“We all make mistakes, boss. That’s why they put rubber on the ends of pencils.”
And nowadays everyone knows about them. Just ask Tiger Woods.
That lovely line from Allen Jenkins to Humphrey Bogart in William Wyler’s film Dead End is of course outdated in this day and age. You can’t erase your mistakes anymore, not with the web and cell phone video cameras and email archives and everybody, in this fame-crazy culture that makes celebrities out of housewives, tweeting and texting their own and everyone else’s every move in real time.
In his spot-on article “Tiger’s Imperfect World,” Yahoo Sports writer Dan Wetzel observes, “In a perfect world, the public wouldn’t be obsessed with celebrity gossip.” But as The Killers sing, “This is the world that we live in.”
It’s the world in which people hate other people for being different, in which homophobia is alive and well, in which contradictions and hypocrisy abound, in which some people get away with stuff and others don’t, and in which Disney/ABC cancels, cancels, and cancels Adam Lambert’s ass.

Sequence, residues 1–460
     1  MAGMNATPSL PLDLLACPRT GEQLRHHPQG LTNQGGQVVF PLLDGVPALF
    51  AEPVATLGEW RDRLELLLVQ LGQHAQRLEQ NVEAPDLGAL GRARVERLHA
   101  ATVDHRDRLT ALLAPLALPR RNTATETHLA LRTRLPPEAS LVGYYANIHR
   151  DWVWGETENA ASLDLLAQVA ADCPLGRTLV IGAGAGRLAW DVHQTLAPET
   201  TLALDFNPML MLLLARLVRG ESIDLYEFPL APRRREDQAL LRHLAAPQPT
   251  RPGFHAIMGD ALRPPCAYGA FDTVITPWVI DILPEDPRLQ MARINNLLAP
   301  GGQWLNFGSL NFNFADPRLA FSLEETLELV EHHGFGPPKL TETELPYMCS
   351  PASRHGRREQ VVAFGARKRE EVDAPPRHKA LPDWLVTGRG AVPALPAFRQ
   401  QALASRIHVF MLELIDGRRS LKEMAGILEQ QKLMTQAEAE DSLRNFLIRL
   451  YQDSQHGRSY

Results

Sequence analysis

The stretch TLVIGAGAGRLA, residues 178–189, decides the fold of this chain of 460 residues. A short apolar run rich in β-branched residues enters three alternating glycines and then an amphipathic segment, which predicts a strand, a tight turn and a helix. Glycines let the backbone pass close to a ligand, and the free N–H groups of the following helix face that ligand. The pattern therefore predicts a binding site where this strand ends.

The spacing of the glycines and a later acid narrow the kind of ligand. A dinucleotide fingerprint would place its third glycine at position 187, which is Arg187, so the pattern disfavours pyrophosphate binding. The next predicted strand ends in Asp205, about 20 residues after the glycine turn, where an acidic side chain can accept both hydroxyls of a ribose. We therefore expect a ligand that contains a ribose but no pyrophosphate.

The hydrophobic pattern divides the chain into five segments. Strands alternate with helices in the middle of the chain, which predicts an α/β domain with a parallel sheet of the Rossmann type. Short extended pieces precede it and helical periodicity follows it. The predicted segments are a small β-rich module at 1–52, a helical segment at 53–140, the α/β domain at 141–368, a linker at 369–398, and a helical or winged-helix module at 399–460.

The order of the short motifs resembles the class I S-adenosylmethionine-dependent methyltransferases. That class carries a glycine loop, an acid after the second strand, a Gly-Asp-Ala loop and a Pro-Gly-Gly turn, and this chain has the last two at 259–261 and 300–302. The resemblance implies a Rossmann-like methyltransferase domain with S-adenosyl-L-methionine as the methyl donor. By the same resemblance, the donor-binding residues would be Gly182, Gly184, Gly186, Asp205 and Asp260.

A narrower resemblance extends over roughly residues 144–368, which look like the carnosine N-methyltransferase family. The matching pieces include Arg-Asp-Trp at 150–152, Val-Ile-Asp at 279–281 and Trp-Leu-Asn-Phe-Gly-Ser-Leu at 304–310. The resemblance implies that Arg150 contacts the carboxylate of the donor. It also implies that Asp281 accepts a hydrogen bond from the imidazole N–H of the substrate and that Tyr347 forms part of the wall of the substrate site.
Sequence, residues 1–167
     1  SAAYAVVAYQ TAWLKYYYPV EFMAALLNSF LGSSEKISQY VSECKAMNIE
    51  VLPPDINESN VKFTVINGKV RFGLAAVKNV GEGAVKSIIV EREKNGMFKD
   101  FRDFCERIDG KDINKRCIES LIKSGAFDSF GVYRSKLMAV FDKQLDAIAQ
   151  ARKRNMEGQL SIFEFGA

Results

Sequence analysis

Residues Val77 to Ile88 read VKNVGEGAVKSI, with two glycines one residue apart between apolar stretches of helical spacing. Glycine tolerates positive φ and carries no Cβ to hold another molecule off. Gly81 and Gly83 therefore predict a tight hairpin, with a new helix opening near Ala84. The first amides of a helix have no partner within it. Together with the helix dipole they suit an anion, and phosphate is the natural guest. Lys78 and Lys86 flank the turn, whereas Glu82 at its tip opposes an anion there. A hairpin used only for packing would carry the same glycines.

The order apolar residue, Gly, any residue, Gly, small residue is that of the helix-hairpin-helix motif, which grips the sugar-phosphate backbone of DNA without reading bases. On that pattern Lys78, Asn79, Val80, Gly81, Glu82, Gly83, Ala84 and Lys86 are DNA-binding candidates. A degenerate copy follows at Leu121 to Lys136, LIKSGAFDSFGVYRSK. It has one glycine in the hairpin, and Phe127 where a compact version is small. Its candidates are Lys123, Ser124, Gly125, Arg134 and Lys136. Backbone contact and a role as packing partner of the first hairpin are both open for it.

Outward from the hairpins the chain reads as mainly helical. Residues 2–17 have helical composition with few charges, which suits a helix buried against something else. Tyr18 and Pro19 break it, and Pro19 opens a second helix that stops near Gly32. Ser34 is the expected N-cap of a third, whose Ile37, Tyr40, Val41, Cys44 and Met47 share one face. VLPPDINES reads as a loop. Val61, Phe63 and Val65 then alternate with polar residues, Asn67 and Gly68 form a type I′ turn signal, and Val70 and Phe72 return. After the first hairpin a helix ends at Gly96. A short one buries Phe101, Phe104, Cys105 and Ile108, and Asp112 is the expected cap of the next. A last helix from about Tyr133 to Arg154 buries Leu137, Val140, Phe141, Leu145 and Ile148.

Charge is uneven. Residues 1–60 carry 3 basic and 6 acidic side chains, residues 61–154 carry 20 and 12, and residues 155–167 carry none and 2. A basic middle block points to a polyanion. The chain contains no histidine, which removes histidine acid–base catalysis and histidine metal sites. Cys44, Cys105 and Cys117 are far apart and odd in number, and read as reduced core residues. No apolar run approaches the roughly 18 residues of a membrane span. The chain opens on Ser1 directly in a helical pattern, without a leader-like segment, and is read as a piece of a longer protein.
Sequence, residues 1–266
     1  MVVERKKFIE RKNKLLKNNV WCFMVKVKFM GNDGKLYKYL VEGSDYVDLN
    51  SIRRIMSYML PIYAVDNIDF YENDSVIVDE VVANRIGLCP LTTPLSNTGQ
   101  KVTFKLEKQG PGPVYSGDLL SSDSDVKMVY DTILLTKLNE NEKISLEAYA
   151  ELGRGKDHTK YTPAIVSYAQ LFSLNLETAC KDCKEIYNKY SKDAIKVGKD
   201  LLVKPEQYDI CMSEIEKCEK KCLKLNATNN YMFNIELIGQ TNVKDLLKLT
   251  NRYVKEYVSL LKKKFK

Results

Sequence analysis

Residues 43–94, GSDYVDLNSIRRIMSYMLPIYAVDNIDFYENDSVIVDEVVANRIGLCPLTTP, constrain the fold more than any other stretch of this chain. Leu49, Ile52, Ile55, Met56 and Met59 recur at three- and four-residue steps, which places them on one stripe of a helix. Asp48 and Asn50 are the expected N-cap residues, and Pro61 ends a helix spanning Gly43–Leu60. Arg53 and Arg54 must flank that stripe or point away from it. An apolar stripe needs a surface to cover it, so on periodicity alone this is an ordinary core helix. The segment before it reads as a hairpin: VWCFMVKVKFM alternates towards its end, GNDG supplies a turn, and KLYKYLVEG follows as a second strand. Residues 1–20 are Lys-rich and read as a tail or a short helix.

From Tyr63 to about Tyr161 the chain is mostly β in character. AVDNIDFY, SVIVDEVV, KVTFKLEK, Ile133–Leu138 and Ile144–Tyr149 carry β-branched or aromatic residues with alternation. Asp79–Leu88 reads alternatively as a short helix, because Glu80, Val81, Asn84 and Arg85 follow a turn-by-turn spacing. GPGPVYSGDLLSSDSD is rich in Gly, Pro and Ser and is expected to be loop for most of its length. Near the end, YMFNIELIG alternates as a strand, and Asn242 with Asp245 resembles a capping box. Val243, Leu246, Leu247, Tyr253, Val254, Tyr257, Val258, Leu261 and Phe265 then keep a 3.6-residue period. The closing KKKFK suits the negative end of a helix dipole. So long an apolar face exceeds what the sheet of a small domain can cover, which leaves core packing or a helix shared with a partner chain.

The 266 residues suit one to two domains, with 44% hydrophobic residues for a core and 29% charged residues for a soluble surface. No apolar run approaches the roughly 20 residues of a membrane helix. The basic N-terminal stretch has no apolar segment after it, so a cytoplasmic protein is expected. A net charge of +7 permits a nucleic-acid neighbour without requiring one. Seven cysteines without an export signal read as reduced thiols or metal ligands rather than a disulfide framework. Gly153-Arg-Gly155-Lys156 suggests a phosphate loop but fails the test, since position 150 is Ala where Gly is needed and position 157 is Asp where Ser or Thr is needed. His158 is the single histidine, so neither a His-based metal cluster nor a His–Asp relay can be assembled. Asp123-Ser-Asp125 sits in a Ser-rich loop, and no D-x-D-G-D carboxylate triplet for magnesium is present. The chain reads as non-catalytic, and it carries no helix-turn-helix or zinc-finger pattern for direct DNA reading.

Why? They set him up for controversy and ratings — “seemed to give him all the rope they could, just hoping he’d use it,” wrote one reader — and then pulled the rug out from under him. The GMA cancellation — okay, that was chicken-shit prudence. Yeah, it would be peachy if they’d had Adam’s balls and didn’t honor the “marginal” - as they termed it - number of objectors, or their advertisers, and stood behind the wild child and the millions who didn’t complain, but one strike and you’re out? No, that is nothing less than cruel and unusual punishment. F*** you, ABC!
I know of “someone” (not his real name) who once “acquired” an “item” that belonged to someone other than him, an item he procured through an outrageous stunt that involved a physical feat of derring-do, so that he could present said item to “someone” (not her real name) as a token of his affection. It turns out that this item was worth in excess of a certain number of that green stuff they call “dollars,” making the stunt something they call a “felony.” When a “certain person” (not his real name) found out “the Man” (his real name) was after the someone who took the item, he thought it was a joke. “For God’s sake,” he exclaimed, “don’t they know it was just a prank?!”